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Take time to learn lifesaving maneuver

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Dear Abby: A column you published in 1977 saved my life. I was 4 years old and having dinner with my family. My father, sitting across from me, noticed that I was turning blue. My mother realized I was choking on a piece of potato. Just the week before, having read about it in your column, she had learned how to do the Heimlich maneuver. She performed the maneuver on me and successfully dislodged the potato.

Abby, please urge everyone to learn this technique. You never know whose life you may save.- Ingrid, Wilton, Conn.

Dear Ingrid: I'm delighted you reminded me how vitally important it is to know the Heimlich maneuver. Your family's experience says it all.

For those who are not familiar with the Heimlich maneuver, call your American Red Cross and ask for a schedule of classes or demonstrations. Remember to learn the variation for infants and children as well as the standard adult procedure. (Fees/donations for classes vary by location.)

Dear Abby: This is in response to "Examining Life in Ohio," who seemed to have a solid marriage but didn't think she had married her "soul mate."

I am 60 years old and have had two husbands and six gentleman friends throughout the years. I have never felt the giddy, swept-away feeling of being "in love," and I've decided that's OK by me.

Too many young women marry someone who "turns them on" only to find out some years later after the passion wanes (and it does) that they've married someone who lacks the qualities to sustain a longstanding, loving relationship. Far too many women pass up perfectly good potential mates while waiting for "Mr. Right" to come along and light their fire.

I've talked to other women who also have never been "in love," so I know there are many of us out there. One of the things we seem to have in common is a logical, rather analytical way of thinking.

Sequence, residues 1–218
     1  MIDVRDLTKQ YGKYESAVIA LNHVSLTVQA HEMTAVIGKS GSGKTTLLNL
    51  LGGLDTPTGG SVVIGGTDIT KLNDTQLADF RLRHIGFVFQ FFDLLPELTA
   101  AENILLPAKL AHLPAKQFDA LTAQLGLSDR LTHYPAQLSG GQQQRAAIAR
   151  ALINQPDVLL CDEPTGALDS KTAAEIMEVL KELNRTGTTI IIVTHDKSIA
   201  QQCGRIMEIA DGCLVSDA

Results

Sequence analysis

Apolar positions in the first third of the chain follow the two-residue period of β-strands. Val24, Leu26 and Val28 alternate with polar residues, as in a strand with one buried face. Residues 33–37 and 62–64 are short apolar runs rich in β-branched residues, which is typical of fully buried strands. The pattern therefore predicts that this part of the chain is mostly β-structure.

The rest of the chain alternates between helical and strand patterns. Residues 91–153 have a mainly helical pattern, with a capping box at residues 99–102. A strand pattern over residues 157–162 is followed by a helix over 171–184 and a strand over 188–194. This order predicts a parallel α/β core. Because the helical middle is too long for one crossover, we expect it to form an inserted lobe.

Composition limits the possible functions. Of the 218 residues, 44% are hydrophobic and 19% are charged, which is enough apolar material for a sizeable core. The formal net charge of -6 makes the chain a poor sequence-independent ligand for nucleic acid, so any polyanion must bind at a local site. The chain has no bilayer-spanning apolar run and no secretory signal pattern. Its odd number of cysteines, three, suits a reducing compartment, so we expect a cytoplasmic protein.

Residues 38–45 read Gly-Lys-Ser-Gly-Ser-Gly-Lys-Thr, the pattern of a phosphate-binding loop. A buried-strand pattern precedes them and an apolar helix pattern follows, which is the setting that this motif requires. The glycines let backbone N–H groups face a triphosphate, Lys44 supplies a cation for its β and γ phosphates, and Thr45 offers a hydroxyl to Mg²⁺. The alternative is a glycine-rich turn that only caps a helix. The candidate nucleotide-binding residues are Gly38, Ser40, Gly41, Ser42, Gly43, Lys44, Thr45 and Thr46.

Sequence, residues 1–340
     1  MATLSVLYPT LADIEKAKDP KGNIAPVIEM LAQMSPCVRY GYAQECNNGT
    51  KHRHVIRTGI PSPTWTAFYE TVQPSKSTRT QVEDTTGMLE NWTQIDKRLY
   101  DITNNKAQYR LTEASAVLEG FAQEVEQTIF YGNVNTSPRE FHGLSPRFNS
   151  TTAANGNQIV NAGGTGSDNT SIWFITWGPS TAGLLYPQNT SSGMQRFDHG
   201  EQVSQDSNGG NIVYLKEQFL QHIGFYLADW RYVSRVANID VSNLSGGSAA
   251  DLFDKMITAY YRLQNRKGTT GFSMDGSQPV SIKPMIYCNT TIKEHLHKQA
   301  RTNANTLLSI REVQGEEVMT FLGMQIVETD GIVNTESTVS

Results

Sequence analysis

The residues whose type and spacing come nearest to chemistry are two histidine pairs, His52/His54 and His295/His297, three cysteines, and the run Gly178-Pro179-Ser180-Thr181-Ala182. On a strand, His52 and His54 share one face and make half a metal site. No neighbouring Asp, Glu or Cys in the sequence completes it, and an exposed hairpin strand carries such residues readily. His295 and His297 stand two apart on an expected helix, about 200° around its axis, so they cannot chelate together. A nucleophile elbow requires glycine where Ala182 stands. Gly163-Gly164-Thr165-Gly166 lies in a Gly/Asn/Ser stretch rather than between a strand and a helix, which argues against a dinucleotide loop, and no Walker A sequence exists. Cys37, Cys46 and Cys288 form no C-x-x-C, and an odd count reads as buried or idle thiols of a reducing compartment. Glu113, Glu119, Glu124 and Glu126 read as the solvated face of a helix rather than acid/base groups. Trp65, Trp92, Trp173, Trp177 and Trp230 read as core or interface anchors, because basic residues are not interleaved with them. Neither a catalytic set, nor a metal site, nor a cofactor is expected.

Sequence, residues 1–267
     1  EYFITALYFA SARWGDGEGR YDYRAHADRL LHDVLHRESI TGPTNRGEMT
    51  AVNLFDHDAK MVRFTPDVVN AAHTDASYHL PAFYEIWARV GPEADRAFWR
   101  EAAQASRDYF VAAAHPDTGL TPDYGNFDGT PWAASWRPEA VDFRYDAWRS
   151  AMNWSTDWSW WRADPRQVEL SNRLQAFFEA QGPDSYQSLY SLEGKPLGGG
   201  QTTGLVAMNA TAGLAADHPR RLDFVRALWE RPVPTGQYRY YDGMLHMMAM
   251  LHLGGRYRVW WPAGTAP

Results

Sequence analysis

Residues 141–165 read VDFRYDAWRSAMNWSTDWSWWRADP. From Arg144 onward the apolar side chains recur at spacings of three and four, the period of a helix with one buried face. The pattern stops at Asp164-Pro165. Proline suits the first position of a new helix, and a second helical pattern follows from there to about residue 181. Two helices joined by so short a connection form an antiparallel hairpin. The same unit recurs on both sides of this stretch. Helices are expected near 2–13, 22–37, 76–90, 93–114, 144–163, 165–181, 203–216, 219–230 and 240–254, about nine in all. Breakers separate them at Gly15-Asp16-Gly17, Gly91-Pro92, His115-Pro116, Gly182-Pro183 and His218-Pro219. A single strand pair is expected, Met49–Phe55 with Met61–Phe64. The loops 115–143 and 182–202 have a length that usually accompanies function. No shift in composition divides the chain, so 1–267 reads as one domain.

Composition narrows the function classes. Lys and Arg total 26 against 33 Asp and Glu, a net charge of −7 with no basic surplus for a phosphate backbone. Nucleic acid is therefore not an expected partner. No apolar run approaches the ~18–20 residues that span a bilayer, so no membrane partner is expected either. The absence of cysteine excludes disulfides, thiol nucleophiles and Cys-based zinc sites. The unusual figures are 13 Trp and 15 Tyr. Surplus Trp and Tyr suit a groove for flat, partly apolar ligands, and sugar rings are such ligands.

- Done Examining, Whittier, Calif.

Dear Done Examining: I have received a flurry of letters from readers who agree that a flaming passion is not the most important ingredient for a solid marriage. Read on for some input from the clergy:

Dear Abby: I am a pastor and have been involved in marital and premarital counseling during my 10 years of ministry. My experience has taught me that happiness and passion in marriages do not come from finding the "right" partner but in BEING the right partner.

I once heard about a woman who was unhappy in her marriage and angry at her husband. When she went to her lawyer to begin divorce proceedings, she asked his advice on what she could do to really hurt her lousy husband. The lawyer thought for a moment, and suggested that for the next couple of months she love him and romance him with every ounce of her being, and once he was happy and fulfilled, she serve him with the divorce papers. "It will rip his heart out," the lawyer promised.

The woman followed his advice. Several months later she returned to the lawyer's office. He handed her the divorce papers to examine before serving them to her husband, and the woman replied, "I won't be needing them now. We're getting ready to leave on our second honeymoon."

- The Rev. Scott Wooddell,

Fort Worth, Texas

Dear Rev. Wooddell: There is much wisdom in your letter. The secret to a successful marriage is two people willing to work and sacrifice for the happiness of each other.

For an excellent guide to becoming a better conversationalist and a more attractive person, order "How to Be Popular." Send a business-sized, self-addressed envelope, plus check or money order for $3.95 ($4.50 in Canada) to: Dear Abby Popularity Booklet, P.O. Box 447, Mount Morris, IL 61054-0447. (Postage is included.)

1997 Universal Press Syndicate


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All of the Dear Abby columns for the past several years are available online. Search for "DEAR ABBY" in the Lifestyle section and the Deseret News archives.